2)Let $f(x),g(x)$ be continous on $[0,1]$ so that $\int_0^1 x^n f(x) dx = \int_0^1 x^n g(x) dx$ for all $n\geq 0$. Prove that $f(x) = g(x)$. (This is a classic).

Let $P_n(x);\ n \in \mathbb(Z)_+$ be an orthonormal basis of polynomials for $L^2_{[0,1]}$.

Then by the conditions specified in the problem:

$\langle P_n, f-g \rangle =0;\ \forall n \in \mathbb{Z}_+$

which implies that $f(x)-g(x)=0\ a.e. \in [0,1]$ which as f-g is continuous implies $f(x)-g(x)=0\ x\in [0,1]$

RonL
• Nov 11th 2007, 12:46 AM
angel.white
Quote:

Originally Posted by janvdl
1.) $(\frac{1}{2007} + \frac{1}{2007}) \times (\frac{1}{2007} + \frac{1}{2007})$

= $\frac{4}{4028049}$

= $\frac{1}{1007012,25}$

Hmm, that is much simpler than the method I thought of in my head (I'm a bit too embarrassed to say what my method was, but I'll just say it involves a new pack of pencils, a full ream of paper, a gallon of coffee, a carton of cigarettes, and no obligations for several days.)
• Nov 11th 2007, 12:50 AM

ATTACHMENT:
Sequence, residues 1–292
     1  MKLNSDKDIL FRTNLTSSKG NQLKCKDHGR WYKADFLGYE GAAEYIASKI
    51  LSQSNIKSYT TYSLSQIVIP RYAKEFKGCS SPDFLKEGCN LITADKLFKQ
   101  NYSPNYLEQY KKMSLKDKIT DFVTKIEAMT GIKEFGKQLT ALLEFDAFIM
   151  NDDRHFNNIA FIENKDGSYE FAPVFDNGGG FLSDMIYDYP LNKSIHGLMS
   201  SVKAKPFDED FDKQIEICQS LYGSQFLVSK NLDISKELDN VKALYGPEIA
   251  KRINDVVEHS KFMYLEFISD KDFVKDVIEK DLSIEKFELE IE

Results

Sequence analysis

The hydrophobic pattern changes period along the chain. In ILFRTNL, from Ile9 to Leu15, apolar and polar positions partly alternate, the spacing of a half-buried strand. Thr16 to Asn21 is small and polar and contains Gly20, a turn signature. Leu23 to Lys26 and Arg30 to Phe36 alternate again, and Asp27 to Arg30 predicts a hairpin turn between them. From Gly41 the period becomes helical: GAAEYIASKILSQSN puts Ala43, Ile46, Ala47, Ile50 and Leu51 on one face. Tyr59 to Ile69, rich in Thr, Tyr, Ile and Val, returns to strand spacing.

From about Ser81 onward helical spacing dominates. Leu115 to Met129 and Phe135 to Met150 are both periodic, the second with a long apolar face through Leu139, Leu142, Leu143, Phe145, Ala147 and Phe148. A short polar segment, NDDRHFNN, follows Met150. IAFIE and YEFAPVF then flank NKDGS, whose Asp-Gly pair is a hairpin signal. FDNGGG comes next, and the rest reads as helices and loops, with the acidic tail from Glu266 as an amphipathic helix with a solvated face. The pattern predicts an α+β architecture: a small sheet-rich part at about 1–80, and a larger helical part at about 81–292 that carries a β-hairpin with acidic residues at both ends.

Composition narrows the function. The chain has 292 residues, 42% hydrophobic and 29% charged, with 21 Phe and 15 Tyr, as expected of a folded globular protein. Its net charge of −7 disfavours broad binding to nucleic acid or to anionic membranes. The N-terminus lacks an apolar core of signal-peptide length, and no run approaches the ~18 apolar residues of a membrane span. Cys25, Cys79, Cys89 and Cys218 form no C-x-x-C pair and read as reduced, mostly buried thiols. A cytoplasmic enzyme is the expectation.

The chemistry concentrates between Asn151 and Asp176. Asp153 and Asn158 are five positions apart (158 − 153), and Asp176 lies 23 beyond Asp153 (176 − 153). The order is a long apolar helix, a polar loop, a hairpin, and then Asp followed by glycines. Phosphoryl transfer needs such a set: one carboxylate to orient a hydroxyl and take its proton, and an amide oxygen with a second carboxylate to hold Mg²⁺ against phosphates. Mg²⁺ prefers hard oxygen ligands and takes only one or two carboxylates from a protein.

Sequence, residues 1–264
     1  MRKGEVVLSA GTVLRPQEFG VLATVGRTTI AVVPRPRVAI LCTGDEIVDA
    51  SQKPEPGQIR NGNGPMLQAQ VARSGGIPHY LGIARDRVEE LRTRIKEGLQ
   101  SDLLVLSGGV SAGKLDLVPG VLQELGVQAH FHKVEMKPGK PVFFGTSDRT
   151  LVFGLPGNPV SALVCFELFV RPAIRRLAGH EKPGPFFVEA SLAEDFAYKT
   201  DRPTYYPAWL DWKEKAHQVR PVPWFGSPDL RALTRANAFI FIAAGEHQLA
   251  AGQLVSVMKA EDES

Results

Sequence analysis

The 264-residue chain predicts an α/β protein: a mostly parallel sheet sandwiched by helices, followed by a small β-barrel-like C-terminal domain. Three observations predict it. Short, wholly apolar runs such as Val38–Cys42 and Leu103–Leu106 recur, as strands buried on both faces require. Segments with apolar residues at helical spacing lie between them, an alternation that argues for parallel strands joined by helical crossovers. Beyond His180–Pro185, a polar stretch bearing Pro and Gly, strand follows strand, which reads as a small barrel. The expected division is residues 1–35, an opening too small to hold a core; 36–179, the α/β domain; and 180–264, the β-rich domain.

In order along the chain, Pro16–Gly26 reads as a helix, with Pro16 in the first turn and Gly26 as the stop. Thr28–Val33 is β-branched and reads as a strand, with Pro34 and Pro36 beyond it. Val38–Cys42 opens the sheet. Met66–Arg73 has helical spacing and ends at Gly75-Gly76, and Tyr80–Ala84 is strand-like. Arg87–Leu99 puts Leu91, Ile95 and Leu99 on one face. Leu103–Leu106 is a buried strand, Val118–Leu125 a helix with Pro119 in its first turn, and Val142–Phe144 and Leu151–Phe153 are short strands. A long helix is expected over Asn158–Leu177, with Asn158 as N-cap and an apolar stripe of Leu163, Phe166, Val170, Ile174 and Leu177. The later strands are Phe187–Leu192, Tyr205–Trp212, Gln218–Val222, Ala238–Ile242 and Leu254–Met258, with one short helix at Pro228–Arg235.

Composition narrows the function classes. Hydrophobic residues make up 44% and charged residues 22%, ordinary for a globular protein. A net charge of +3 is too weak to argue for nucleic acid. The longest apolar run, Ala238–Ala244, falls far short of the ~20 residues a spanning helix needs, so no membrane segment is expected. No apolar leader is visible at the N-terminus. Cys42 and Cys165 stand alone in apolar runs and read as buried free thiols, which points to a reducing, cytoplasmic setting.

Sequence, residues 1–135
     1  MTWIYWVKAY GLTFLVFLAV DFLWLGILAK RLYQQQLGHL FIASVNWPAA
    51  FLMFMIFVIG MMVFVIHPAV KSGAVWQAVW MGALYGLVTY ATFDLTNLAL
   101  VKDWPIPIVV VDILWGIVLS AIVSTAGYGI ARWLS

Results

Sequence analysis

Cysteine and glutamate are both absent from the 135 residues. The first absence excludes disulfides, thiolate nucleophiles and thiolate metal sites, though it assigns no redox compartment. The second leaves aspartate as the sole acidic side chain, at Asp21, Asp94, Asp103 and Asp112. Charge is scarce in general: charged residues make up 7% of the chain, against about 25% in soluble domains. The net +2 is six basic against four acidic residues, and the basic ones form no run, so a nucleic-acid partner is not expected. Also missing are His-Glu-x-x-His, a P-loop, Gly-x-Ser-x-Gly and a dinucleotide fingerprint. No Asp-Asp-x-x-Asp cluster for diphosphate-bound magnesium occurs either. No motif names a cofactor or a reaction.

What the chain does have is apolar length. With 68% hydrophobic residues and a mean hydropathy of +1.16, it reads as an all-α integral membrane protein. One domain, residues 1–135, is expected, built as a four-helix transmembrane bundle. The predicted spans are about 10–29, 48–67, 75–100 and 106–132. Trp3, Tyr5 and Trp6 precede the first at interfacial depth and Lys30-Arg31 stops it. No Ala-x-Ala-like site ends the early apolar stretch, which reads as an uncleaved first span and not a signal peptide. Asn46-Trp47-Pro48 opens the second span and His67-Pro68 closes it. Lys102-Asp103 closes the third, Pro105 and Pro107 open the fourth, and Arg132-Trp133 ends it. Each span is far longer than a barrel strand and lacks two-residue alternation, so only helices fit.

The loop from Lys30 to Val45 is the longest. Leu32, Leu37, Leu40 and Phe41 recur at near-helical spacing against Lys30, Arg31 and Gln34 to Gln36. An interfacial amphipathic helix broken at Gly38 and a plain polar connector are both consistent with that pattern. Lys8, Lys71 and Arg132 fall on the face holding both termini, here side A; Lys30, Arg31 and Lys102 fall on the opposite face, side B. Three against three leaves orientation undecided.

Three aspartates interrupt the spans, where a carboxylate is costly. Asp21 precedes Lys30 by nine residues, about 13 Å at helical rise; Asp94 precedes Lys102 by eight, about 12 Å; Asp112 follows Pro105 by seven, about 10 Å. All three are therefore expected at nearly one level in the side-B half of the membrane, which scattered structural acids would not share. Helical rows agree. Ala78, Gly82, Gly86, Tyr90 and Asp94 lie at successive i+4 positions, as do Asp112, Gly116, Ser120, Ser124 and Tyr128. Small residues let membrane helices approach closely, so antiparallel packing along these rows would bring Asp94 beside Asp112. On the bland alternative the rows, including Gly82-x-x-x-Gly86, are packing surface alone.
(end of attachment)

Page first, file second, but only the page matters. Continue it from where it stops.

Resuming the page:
janvdl
Quote:

Originally Posted by angel.white
Hmm, that is much simpler than the method I thought of in my head (I'm a bit too embarrassed to say what my method was, but I'll just say it involves a new pack of pencils, a full ream of paper, a gallon of coffee, a carton of cigarettes, and no obligations for several days.)

Haha, doesn't mean my method is right you know :D
• Nov 11th 2007, 01:10 AM
Jhevon
Quote:

Originally Posted by CaptainBlack
Let $P_n(x);\ n \in \mathbb(Z)_+$ be an orthonormal basis of polynomials for $L^2_{[0,1]}$.

Then by the conditions specified in the problem:

$\langle P_n, f-g \rangle =0;\ \forall n \in \mathbb{Z}_+$

which implies that $f(x)-g(x)=0\ a.e. \in [0,1]$ which as f-g is continuous implies $f(x)-g(x)=0\ x\in [0,1]$

RonL

i always have trouble proving things that seem to me to be obvious.

would it be wrong to do this?

$\int_0^1 x^n f(x)~dx = \int_0^1 x^n g(x)~dx$

$\Rightarrow \int_0^1 x^n f(x)~dx - \int_0^1 x^n g(x)~dx = 0$

$\Rightarrow \int_0^1 x^n [f(x) - g(x)]~dx = 0$

Obviously, the only way this integral can be zero for all x and all n is if $f(x) - g(x) = 0$. the result follows immediately.

Now i can see where the problem here would be, the "obviously" part.
• Nov 11th 2007, 01:49 AM
kalagota
Quote:

Originally Posted by ThePerfectHacker

That is not the Fundamental Theorem of Calculus.
---

i think i clearly state that the reason is from a corollary to FTOC and not to FTOC itself..